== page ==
I commenced a delightful applique project this week. As you know, I LOVE applique! Because I am a realist and a perfectionist (!), I like my applique ... well, to look, REAL! This means that generally needle-turn applique just doesn't work for all the small detail I want to portray and therefore most of my applique designs look best if they are done by using fusible webbing.
That all leads to the issue of how to finish off the edges of the applique. When I first started out on my career as a designer, I blanket-stitched by hand around them:
When my 35 year old sewing machine wasn't quite up to it any more, I bought a lovely new one and guess what, it had blanket-stitching built in! No more unpicked stitches that weren't evenly spaced or of the same length - the machine sails around sweetly on my appliques:
Sometimes, I experiment with different coloured threads. Instead of using matching white thread on the the saucer and the inside of the cup below, I used a contrasting pink so that the applique stood out from the pale blue and white check background:
The cream applique panels on this garden caddy stand out well already from the background, but I used a contrasting thread for the blanket-stitching here for a decorative effect:
However, what do you do if you have an applique that doesn't stand out from the background with a lot of contrast and you don't want a lot of little 'caterpillar' legs from blanket-stitching on your applique? The method I developed is very simple but I think it works really well. The applique is first blanket-stitched with matching thread, then I work a backstitch in contrasting colour around the edge of the blanket-stitch:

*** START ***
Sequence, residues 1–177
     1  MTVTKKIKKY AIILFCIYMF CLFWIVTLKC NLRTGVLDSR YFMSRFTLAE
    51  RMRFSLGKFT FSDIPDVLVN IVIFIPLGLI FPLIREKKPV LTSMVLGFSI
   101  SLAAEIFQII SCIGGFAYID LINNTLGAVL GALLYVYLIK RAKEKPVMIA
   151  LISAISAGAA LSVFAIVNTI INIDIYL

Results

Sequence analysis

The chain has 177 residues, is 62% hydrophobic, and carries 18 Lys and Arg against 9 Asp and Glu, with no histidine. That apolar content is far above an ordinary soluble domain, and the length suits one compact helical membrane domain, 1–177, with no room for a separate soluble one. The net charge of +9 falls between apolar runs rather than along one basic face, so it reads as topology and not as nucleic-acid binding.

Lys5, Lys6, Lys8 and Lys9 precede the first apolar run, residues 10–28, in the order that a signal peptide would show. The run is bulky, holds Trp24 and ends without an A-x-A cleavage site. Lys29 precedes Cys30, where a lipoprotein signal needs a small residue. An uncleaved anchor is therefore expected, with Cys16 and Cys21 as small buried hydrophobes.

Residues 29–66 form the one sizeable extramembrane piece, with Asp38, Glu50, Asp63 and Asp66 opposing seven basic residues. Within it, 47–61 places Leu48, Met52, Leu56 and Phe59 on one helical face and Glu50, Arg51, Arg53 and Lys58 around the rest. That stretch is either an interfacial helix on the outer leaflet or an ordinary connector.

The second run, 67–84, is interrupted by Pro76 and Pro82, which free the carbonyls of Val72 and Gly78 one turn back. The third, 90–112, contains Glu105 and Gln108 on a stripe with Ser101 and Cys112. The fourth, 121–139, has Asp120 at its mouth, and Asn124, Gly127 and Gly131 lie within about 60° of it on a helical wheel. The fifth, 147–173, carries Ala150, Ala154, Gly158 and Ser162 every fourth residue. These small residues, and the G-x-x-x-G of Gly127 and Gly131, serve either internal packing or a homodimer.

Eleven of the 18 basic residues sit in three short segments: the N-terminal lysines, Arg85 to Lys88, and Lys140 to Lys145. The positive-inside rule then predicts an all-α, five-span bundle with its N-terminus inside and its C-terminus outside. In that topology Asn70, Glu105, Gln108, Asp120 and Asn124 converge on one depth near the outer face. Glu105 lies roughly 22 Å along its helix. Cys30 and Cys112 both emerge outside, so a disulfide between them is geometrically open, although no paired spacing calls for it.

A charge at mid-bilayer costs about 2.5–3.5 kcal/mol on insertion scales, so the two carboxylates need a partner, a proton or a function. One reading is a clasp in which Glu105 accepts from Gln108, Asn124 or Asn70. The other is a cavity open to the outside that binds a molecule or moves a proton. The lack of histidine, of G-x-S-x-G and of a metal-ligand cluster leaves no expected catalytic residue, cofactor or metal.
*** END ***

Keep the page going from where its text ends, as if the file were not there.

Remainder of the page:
That gives me the best of both worlds - the applique edge is secure, I don't have little burgundy legs hanging down from the edge, but there is plenty of contrast colour to make the applique stand out from the background.
Some times, the applique may be too small or too detailed for blanket-stitching, so in those instances, I machine stitch a straight stitch around the edge:
I have even started including applique in my silk ribbon embroidery designs! (told you I was hooked!) As these are meant to be hand-embroidered projects, I can't use the machine to obtain perfectly even blanket-stitching. I can never reach perfection with my hand-done attempts on this stitch, so my alternative has been to use a totally different decorative stitch. For my fan embroidery, I used a twisted chain stitch:
So there you have some of my journey with blanket-stitch and appliques. I'd love to hear anything you have learned on your applique journey.